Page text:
SALT LAKE CITY — When Bobbisue Christensen found out she was pregnant with twins, the 31-year-old from Brigham City was excited. Then she got scared.
Christensen and her husband had spent the previous eight years trying to have kids. Three attempts with in vitro fertilization had failed. This would be her fourth try — and now she had to worry about the extra complications of a multiple pregnancy.
In Utah and nationwide, the twin birth rate has reached an all-time high.
Experts say the trend is driven by the popularity of treatments such as in vitro fertilization, as well as more women waiting until they're older to have children.
Twin births have been on the rise for many years. Last year, about 1 in 28 live births in Utah were twins. In 1989, about 1 in 46 live births were twins.
That mirrors national trends. The Centers for Disease Control and Prevention released birth statistics last week showing that about 1 in every 29 babies born last year was a twin. In 1980, that figure was about 1 in every 53 babies.
Dr. Erica Johnstone, a gynecologist and reproductive endocrinologist with the Utah Center for Reproductive Medicine, views the numbers with some trepidation.
Multiple pregnancies — twins, triplets, quadruplets or more — come with more complications than a single birth, including a greater chance of high blood pressure, gestational diabetes and cesarean section, she said. On average, twins are also born four weeks premature and are more likely to have developmental disabilities as a result.
"We in the fertility world have long been worried about this," Johnstone said. "We care for couples going through infertility whose real goal is to have a healthy baby, and there's nothing worse than getting them through fertility treatment and having major obstetric complications."
It’s of particular concern in Utah, where nearly 5 percent of pregnancies were the result of infertility treatment — the highest of the 36 states surveyed by the CDC. According to the report, nearly one-third of twin pregnancies were the result of infertility therapy. More than two-thirds of triplets and higher-order pregnancies were the result of infertility therapy.
But while the twin birth rate has been rising for many years, the birth rate for triplets, quadruplets and higher-order births has fallen.
"That's really encouraging," said Laurie Baksh, a manager with the Utah Department of Health's maternal and infant health program.
That's because as reproductive medicine has improved, doctors have started implanting fewer embryos during in vitro fertilization, reducing the likelihood of risky multiple pregnancies. They are also moving women to less invasive treatments, such as oral and injectable fertility drugs, which pose less of a chance of producing higher-order pregnancies.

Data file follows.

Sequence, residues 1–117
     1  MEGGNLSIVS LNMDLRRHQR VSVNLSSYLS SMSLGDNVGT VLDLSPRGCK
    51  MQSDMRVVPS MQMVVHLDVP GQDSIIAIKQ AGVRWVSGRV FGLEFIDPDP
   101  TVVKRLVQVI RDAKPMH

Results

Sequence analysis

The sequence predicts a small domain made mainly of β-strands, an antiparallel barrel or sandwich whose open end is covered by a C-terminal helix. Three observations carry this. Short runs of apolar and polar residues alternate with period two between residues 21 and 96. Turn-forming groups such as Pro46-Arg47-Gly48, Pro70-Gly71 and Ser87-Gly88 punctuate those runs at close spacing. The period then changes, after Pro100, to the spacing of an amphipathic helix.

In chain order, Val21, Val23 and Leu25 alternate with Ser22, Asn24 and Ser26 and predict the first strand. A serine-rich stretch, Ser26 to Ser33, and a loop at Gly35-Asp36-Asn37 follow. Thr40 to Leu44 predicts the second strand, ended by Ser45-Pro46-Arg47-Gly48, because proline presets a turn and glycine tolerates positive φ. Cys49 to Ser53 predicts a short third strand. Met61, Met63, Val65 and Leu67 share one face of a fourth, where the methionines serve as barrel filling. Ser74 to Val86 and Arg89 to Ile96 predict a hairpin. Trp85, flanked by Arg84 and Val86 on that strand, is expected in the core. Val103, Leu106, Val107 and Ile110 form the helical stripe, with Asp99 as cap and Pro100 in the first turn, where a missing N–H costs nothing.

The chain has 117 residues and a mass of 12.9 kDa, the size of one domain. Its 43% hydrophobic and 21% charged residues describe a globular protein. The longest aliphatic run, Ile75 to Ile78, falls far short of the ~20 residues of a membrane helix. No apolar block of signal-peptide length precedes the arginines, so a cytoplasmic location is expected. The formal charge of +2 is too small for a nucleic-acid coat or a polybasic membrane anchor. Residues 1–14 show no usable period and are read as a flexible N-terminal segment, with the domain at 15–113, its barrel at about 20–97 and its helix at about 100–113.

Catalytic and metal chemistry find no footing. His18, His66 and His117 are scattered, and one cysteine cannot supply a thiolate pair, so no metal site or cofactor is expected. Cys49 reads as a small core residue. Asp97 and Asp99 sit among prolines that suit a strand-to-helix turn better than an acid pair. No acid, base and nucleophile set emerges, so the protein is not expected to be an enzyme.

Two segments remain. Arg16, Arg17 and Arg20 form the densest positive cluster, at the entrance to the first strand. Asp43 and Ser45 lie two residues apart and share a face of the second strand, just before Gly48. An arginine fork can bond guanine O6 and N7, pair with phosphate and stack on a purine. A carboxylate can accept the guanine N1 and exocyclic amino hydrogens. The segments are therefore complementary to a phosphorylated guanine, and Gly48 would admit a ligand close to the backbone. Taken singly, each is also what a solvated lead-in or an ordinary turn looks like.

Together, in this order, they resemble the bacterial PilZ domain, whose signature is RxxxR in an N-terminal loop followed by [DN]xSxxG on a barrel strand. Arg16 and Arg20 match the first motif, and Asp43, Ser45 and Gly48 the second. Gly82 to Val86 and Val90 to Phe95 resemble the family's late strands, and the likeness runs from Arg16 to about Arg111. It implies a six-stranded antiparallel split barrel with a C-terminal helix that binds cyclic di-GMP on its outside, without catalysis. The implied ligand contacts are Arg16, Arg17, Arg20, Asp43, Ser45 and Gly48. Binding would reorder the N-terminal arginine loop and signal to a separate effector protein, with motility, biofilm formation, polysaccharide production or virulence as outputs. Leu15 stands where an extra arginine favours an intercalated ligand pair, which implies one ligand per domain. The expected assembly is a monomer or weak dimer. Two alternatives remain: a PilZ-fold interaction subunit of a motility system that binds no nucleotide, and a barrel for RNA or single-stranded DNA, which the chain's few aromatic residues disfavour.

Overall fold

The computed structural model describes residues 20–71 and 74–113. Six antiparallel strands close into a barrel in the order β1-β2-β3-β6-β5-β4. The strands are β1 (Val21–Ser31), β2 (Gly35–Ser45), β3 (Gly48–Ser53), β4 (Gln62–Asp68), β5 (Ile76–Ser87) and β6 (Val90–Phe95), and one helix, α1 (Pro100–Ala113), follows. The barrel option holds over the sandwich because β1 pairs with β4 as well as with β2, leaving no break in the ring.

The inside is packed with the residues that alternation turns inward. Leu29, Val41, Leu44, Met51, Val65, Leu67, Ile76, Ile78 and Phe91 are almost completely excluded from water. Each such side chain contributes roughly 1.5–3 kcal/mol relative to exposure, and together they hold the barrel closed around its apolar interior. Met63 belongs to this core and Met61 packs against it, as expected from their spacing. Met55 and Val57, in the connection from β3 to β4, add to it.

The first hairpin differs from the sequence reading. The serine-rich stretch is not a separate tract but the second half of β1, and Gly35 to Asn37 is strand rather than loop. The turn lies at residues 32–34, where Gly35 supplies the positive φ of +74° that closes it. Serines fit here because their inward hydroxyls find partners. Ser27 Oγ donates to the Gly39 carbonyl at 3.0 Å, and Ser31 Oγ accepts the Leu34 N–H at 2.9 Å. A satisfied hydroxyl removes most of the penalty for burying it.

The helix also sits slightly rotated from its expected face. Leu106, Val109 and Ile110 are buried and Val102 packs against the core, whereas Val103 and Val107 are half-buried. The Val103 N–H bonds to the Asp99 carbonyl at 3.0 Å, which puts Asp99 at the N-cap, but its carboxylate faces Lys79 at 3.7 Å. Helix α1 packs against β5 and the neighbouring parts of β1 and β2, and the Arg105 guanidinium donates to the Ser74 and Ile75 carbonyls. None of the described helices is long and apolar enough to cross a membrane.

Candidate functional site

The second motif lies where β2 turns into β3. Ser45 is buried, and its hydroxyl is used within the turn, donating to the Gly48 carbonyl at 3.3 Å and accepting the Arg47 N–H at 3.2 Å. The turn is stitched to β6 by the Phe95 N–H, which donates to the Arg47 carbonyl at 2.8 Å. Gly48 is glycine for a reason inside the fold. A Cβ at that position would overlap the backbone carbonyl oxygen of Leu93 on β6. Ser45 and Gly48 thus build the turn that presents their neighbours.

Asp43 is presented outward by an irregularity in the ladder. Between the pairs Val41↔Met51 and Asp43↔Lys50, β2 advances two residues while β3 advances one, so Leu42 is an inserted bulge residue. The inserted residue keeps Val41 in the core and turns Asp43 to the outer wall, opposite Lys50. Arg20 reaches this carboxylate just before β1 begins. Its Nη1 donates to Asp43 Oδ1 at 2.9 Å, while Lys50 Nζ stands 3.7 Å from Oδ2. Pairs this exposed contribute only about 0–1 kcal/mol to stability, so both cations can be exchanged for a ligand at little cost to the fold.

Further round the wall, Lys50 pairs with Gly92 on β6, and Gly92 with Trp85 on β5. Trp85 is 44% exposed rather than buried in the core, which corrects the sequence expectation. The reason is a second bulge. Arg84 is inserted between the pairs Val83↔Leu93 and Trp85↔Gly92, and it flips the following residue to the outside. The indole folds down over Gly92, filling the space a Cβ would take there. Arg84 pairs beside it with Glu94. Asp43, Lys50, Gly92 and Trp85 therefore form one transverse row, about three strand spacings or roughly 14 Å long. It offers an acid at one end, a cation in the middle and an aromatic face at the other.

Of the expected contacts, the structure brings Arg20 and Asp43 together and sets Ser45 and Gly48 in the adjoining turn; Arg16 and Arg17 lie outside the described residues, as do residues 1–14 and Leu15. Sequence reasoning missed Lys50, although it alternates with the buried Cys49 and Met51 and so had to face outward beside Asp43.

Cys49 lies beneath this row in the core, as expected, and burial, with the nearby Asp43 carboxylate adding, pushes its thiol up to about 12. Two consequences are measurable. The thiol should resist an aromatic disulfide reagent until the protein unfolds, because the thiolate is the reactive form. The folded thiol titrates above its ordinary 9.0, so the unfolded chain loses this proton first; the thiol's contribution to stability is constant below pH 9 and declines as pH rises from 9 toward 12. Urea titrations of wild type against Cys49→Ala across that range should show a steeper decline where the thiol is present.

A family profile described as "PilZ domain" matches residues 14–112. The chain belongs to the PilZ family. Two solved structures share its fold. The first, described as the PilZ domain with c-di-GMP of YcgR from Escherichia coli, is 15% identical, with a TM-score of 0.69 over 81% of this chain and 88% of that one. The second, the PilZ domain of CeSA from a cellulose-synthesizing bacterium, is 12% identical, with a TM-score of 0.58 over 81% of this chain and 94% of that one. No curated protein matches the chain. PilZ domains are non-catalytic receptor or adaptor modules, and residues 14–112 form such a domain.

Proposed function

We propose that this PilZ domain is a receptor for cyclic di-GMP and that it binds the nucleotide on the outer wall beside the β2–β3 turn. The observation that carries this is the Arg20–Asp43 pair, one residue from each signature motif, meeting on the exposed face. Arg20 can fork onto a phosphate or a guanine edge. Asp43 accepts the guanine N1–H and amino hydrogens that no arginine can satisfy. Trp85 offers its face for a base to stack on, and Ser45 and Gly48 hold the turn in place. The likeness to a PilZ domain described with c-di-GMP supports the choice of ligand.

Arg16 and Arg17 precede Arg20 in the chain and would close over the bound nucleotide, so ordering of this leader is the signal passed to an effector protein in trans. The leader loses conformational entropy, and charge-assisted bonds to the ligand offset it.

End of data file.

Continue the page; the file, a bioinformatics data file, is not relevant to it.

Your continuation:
About 8 percent to 10 percent of babies born due to oral fertility treatment are twins, according to Johnstone. With injectable fertility medication, the chance of conceiving twins rises to about 20 percent.
In vitro fertilization poses the highest chance of conceiving twins. Statistics show that for women under 35 who use in vitro fertilization, about 28 percent of births are twins, according to Johnstone.
Twins and triplets require more follow-up with doctors and more resources after they're born, Baksh said.
"We want to make sure that women with twins are getting into specialists who can care for those pregnancies best, and if there is a risk concern, that they get to a high-risk specialist," she said.
Christensen knew the risks. Twice already, she had gotten pregnant using in vitro fertilization, only to result in her losing her babies at six weeks. She feared the same thing would happen again.
"It was very hard for both of us," Christensen said. "Each loss just got a little bit harder."
She went to the doctor every two weeks and received ultrasounds at least once a month. They turned up no complications. She passed each milestone.
Then, six weeks ago, Christensen gave birth to twins: a girl and a boy, both healthy.
Now Christensen can’t help but to notice other twins. "I always think to myself, 'I wonder how many tries it took them' or what office they used," she said.
For her and her husband, the statistics are a sign that more parents are getting access to fertility treatment. But they are also a reminder of a lot of hurt and risk the Christensens can now put behind them.
"My heart hurts for everyone who goes into (the in vitro fertilization center) because I know what they're going through, and I know it doesn't get easier," Christensen said. "For us, it didn't. We just kept failing IVF until it didn't seem like there was hope. It didn't seem like things could be brighter. But you just have to keep moving."